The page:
UI leaders support bill for undocumented students
November 12, 2015
The Fearless Undocumented Alliance (FUA) at the University of Illinois at Chicago, a student organization dedicated to making their campus undocumented-student-friendly, is working to promote the Student Access to College and Career Education Statewide Success Bill (ACCESS).JT
The bill would provide legal authority to four-year public universities in Illinois to give financial aid to undocumented students who enroll at their universities. It would allow an estimated 1,500 undocumented students in Illinois’ 14 public universities an opportunity to receive financial aid, according to the bill’s official fact sheet.JT
Amiridis, a first-generation immigrant himself, took an active interest in the bill. He said he doesn’t understand why the state allows undocumented students public education through grade 12, gives students in-state status and then denies them financial aid.
“If Illinois is going to strengthen its economic standing and its competitiveness, it must leverage it’s every asset and — make no mistake — our undocumented students are huge assets to our state, to our economy and to our future,” Amiridis said.
FUA is working with the ACCESS Bill task force to achieve their goals and recently held a press conference Wednesday at the University’s Chicago campus.
“It’s our big launch,” said Debbie PatinoJT, FAU vice president. “The big idea behind (the press conference) is we are showing the public this is happening and we have all these public figures that are behind it, and also that the public should know about what is happening right now.”
Other press conference attendees included University President Timothy Killeen, Illinois Business Coalition co-chair John Rowe, state representative Will Davis and other public and University officials concerned about the financial support of undocumented students.JT
Killeen reminded the attendees of the University’s founding principle, to bring education and opportunity to all students, regardless of their socioeconomic position. He said his predecessor, Robert Easter, a drafter of the bill, exemplified that spirit.JT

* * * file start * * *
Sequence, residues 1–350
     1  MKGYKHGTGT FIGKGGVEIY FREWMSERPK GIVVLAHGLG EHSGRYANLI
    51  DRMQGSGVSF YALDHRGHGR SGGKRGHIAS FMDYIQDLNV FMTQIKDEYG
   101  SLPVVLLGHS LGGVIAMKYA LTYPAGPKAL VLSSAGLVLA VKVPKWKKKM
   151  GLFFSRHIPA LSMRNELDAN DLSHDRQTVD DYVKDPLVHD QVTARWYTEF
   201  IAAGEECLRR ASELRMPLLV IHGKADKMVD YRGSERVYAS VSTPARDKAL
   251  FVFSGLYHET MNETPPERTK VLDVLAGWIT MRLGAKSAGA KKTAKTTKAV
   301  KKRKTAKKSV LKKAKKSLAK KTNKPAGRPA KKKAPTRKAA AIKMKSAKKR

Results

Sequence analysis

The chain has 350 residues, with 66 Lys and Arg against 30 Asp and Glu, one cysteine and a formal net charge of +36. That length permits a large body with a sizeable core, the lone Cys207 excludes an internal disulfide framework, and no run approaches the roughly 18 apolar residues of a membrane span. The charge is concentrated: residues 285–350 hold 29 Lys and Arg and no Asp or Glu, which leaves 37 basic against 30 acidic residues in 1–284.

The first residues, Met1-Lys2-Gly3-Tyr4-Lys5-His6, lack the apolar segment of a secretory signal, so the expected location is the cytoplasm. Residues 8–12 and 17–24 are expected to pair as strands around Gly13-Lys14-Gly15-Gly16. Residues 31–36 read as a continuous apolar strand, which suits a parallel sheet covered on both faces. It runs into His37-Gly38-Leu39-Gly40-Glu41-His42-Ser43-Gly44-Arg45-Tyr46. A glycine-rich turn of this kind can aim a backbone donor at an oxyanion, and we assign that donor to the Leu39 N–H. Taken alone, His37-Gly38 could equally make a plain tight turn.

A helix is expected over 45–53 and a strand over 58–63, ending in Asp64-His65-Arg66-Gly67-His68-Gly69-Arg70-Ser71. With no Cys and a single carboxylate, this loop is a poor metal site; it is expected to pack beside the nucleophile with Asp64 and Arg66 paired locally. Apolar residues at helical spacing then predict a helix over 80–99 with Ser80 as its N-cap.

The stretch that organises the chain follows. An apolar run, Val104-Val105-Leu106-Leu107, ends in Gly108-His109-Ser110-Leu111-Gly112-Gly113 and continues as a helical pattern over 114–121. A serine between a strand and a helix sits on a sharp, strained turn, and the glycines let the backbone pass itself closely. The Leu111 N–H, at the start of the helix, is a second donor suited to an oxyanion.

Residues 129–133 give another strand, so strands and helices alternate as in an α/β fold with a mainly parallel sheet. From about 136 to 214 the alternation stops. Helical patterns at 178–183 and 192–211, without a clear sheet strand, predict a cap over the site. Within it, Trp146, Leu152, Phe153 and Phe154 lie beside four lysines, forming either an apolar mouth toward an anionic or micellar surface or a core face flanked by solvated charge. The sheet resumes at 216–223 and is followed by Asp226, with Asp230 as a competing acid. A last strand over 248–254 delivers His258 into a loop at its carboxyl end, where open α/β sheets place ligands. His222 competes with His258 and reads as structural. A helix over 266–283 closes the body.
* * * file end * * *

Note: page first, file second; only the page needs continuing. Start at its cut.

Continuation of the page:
“The roots of the Student ACCESS Bill traces back a couple of years to a meeting President emeritus Bob Easter had with undocumented students studying here at UIC,” Killeen said. “They told him about their unique challenges, about the added barriers they face because they are denied access to financial aid made available to all students, and Bob Easter’s on-the-spot response was, ‘well, let’s make a law,’ and you did.”
The bill represents another step in the state’s ongoing attempts to give more support to undocumented immigrants.
In 2003, Illinois passed the In-State Tuition Bill, which classifies undocumented students who graduated from high school as Illinois residents.JT
“Illinois has a history of being a strong pro-immigrant state,” said Martin Torres, the task force’s senior policy analyst. “What we need in the state of Illinois is to make sure all students have equal opportunity for financial aid.”
State rep. Lisa HernandezJT is the chief sponsor of the bill in the state House of Representatives. She and Senator Iris MartinezJT also voiced their support for the bill.
“I think that we’re in good standing,” Hernandez said. “We had an exercise occur in the house, and I know we have strong advocate in the senate who is going to work on the bill … we are going to get this done.”
Hernandez said Martinez rallies her support for the bill as a means to change the opportunity structures in Illinois.
“This is morally the right thing to do,” Martinez said. “While this bill is focused on financial aid for students at four-year public universities, we know the passage of the Student ACCESS Bill will change how middle and high school students view their opportunities to go to college.”
The bill will be brought to Springfield in the spring, said Amalia PallaresJT, associate professor of political science at UIC and co-chair of the Student ACCESS Bill Task Force.
“The next step is reaching out to more community organizations, informing what more people can do,” Patino said. “I know new next year we’re having a march. We’re moving forward.”